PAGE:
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Old 07-27-2006, 10:24 PM
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Quentin Quentin is offline
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Join Date: Aug 2000
Location: Berkshire County, MA
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Two-trial test: Clinch vs. Non-slip loop

Interesting and informative thread

I just did a two-trial test using 20 lb Trilene Big Game mono knotted to two 1/0 hooks hooked around two pen barrels and then pulled apart until something broke. First trial was an improved clinch knot (my usual knot) vs. a non-slip loop knot (the first I've tied in years, following the instructions from the first hit on Google: flyfishlouisania.com) The improved clinch knot failed at the knot. For the second trial, I used the existing non-slip loop knot and tied the broken end of the line back onto the second hook using a regular clinch knot because I didn't have enough tag end to do an improved clinch. This time the non-slip loop failed at the knot. Not exactly a controlled test with a sufficient number of trials, but I found the results interesting. More testing and results to follow.

Here's a little background info: For more than 30 years I have used the clinch knot or improved clinch knot to attach my line to the fly, swivel, hook or lure, with the only exception being that I would probably use a surgeon's loop to attach the line to a split-ring, punched metal lure or large-diameter hook (similar to a loop-to-loop connection: tie the loop, pass the loop through the split ring/eye, put the lure/hook back through the loop and seat the knot). I generally have good success with the improved clinch knot unless the line is old or abraded. I often use the same fly all day without retying. I usually use 20 lb fluoro in the salt and for carp, and I guarantee that I apply more than 8 lbs of pressure when necessary . In freshwater I do a lot of fishing with light tackle spinning gear and usually tie the line to a snap swivel (same connection as straight-eye hook) and regularly use the same swivel tied with the same improved clinch knot for multiple trips (3 or 4 or even more ), even with 6 lb test line. Without a doubt, regardless of equipment or type of knot used and excluding instances where the fish bites through the line or nicks/wraps the line on something, most of my line breakages occur while trying to land a fish by grabbing the line. I seldom have the line or knot fail in an open-water situation. Granted, when the line breaks it usually does occur at the knot unless the line was damaged ahead of the knot, but the clinch knot works just fine for me. I also use a blood knot for tippet/leader connections, which is basically two clinch knots against one-another, and those knots seldom fail. When I tie the clinch knot or blood knot, I wrap the tag end around the standing line, rather than twisting the loop to make the wraps. With a clinch knot I snug the knot carefully until it "rolls over" where the knot clinches the tag end (i.e., pull the standing line against the lure/fly until the knot starts to slip and then tightens down again, try it and you'll see what I mean). It's difficult to properly tighten the clinch knot when attaching heavy line to a small-diameter hook/swivel. You sometimes have to push the last wrap back over the line because it tries to go behind the hook eye, and you usually have to push the wraps down the standing line towards the eye as you tighten the knot. I don't worry about making the knot "roll over" with heavy line, especially when the hook or leader is likely to break before the tippet/hook connection.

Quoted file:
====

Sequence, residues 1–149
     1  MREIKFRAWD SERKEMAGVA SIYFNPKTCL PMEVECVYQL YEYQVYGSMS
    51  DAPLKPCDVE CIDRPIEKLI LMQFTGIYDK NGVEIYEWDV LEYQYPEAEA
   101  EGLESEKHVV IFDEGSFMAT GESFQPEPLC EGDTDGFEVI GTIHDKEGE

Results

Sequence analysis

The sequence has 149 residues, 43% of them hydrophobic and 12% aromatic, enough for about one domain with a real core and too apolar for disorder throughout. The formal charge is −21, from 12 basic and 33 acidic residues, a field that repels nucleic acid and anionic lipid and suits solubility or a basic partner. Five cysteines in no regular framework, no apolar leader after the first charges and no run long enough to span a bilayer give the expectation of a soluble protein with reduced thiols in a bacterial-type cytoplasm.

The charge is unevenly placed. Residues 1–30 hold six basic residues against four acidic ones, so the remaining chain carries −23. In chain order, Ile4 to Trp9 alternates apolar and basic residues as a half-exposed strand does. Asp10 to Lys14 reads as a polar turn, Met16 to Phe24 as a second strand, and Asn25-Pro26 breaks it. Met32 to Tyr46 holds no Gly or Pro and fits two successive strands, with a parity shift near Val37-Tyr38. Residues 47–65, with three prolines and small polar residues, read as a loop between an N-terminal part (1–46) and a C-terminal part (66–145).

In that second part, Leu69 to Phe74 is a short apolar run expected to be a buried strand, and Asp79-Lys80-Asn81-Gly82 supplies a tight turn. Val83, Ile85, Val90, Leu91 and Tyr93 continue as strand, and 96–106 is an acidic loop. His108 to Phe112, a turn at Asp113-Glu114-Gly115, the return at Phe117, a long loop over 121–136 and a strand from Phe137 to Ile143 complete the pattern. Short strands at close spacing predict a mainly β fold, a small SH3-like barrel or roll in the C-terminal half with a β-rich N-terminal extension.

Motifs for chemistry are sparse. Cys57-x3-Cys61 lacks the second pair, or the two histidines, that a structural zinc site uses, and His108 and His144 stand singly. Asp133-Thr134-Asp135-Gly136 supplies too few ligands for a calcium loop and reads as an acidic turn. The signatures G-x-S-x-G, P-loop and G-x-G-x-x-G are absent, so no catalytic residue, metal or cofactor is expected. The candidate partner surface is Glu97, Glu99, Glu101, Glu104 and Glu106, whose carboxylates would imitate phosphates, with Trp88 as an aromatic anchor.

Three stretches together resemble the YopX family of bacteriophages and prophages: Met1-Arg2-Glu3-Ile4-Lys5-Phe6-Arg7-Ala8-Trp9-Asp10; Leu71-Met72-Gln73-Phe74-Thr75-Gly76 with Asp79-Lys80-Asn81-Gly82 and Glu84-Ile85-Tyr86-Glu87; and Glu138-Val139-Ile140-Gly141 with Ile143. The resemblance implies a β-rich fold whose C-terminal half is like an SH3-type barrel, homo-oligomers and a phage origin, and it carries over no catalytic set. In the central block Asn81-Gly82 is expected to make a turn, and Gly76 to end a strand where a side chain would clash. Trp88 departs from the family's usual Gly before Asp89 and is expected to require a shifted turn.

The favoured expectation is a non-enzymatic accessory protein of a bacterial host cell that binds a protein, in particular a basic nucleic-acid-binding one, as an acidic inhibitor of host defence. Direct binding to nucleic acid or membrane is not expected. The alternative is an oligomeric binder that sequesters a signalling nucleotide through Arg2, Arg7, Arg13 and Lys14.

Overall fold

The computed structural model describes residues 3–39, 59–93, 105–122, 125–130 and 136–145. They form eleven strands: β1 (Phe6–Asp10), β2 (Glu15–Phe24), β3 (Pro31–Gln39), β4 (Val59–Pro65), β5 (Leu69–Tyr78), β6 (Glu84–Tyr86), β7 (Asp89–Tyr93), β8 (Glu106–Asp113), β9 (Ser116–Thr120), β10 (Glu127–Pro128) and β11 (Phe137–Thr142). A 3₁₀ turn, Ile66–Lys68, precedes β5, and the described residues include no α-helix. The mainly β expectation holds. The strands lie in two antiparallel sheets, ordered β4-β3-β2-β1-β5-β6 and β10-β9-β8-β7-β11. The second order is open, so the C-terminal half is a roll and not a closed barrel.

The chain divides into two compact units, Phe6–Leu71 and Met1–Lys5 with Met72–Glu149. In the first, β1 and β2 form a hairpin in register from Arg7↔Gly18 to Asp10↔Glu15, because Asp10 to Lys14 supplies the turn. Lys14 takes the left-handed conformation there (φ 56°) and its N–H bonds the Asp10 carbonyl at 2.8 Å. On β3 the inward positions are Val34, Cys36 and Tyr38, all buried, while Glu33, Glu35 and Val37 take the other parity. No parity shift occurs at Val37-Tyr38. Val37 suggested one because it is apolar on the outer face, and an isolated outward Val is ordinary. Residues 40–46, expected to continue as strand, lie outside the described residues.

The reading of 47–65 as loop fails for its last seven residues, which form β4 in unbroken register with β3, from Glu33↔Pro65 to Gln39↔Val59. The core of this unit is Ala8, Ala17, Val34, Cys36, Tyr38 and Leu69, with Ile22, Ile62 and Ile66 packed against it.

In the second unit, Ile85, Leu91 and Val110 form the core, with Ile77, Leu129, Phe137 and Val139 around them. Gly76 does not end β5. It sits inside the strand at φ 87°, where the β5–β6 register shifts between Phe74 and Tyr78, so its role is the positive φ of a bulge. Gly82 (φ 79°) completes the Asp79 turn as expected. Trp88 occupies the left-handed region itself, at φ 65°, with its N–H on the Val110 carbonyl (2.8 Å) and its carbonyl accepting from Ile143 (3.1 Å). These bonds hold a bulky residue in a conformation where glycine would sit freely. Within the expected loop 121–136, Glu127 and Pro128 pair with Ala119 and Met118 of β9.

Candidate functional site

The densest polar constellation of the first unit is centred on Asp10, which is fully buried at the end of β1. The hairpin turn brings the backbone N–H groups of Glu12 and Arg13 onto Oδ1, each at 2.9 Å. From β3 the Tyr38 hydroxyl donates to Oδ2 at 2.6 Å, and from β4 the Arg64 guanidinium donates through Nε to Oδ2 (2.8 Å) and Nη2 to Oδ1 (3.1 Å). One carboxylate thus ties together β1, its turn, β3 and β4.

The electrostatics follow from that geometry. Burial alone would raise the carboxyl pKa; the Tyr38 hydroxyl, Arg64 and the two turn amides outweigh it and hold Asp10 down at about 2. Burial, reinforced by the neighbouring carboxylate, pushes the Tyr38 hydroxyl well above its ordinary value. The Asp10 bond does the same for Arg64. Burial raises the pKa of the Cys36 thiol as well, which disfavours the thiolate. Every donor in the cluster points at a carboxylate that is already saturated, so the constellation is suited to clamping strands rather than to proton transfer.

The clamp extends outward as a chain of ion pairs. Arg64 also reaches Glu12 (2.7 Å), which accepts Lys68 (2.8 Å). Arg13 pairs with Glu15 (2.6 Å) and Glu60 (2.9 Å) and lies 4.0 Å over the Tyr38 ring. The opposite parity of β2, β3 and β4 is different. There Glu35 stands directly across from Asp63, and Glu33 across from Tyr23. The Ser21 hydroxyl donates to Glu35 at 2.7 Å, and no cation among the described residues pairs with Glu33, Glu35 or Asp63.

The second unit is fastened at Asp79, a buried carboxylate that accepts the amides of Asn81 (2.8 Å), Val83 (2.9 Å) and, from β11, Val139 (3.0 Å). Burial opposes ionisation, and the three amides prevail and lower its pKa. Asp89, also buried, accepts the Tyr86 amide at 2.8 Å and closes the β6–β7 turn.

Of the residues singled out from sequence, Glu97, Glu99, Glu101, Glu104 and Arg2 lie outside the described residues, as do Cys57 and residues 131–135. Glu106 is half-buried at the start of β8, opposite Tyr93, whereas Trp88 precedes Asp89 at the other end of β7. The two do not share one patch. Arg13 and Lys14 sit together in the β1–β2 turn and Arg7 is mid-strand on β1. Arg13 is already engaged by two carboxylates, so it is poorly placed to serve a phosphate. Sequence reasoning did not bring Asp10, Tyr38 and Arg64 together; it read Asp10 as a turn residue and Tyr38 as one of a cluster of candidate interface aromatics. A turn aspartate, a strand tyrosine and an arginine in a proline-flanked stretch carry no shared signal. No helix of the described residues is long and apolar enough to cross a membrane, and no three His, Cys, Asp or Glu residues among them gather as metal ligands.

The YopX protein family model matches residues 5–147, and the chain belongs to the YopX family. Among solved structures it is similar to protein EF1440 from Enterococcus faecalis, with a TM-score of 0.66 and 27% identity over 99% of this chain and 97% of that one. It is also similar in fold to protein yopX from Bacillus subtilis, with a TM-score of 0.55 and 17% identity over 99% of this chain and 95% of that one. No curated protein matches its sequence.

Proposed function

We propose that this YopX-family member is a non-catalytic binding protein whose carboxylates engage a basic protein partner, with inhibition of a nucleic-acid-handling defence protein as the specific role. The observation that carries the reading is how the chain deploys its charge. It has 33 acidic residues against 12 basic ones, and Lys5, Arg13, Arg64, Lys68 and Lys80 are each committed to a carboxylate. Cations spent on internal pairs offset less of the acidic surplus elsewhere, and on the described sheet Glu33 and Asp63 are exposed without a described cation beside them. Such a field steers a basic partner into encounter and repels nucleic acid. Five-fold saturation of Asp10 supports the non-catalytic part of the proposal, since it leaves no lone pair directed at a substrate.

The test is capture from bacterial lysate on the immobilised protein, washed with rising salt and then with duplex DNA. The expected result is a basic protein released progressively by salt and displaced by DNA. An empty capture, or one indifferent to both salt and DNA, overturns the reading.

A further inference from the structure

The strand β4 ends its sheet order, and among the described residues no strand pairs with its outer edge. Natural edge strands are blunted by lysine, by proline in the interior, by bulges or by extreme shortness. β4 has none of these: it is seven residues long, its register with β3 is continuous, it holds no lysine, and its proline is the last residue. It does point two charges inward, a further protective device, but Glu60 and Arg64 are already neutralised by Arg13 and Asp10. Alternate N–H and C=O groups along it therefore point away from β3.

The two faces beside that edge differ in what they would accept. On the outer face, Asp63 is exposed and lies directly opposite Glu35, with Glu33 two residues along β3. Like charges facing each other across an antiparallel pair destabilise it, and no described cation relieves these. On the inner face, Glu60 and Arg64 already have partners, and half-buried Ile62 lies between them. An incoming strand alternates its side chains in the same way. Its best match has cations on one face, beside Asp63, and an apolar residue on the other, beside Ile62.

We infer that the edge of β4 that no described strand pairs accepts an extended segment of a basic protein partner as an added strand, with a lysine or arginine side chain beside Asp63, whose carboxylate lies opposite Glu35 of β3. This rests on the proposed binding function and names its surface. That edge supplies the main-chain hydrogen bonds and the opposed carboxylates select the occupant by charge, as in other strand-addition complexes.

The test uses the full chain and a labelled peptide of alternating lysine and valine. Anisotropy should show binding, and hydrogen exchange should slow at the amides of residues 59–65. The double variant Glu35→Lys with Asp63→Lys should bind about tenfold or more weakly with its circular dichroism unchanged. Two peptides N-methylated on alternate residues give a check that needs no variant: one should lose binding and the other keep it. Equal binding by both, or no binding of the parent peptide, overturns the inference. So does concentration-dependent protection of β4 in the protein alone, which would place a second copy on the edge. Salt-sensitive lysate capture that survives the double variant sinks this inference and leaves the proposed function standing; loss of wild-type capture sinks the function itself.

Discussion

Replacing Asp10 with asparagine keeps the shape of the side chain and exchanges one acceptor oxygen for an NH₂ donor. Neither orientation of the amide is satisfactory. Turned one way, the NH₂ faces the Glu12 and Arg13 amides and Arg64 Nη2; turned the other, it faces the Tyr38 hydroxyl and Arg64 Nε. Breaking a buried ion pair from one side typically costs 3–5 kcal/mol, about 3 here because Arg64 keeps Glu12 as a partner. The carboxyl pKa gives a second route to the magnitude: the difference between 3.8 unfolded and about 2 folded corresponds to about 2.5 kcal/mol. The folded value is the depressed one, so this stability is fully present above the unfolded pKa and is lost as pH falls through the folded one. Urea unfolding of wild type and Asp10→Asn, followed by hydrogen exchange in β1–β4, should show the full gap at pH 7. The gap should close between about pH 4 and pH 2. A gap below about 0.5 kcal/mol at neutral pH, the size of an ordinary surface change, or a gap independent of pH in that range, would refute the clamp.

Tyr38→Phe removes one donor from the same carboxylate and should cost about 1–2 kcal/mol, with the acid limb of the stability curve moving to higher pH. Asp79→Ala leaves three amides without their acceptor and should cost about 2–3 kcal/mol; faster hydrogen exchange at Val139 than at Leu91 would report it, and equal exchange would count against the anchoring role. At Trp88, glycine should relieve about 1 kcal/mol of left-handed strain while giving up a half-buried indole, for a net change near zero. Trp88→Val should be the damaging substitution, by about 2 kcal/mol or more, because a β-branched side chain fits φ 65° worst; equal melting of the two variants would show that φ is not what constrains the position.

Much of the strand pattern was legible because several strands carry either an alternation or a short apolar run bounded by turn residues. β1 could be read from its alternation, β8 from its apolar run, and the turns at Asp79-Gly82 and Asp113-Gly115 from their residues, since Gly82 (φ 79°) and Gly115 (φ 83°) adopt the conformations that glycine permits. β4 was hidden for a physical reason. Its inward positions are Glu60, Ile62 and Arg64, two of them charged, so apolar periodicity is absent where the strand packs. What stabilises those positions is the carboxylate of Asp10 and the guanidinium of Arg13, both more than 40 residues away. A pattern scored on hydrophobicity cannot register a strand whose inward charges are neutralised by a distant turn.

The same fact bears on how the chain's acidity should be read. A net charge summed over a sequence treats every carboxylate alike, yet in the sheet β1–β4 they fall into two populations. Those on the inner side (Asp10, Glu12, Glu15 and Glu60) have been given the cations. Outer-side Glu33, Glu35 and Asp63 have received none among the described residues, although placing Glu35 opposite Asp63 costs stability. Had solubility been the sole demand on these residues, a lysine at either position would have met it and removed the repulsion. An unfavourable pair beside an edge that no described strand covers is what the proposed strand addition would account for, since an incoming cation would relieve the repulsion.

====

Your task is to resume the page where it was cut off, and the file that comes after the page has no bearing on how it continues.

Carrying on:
FWIW, I have done some tests in the past with palomar knots and non-slip loop knots, and while I don't recall the specifics I do know that I decided that the clinch knot was much easier to tie and was just as good for my purposes.

Q
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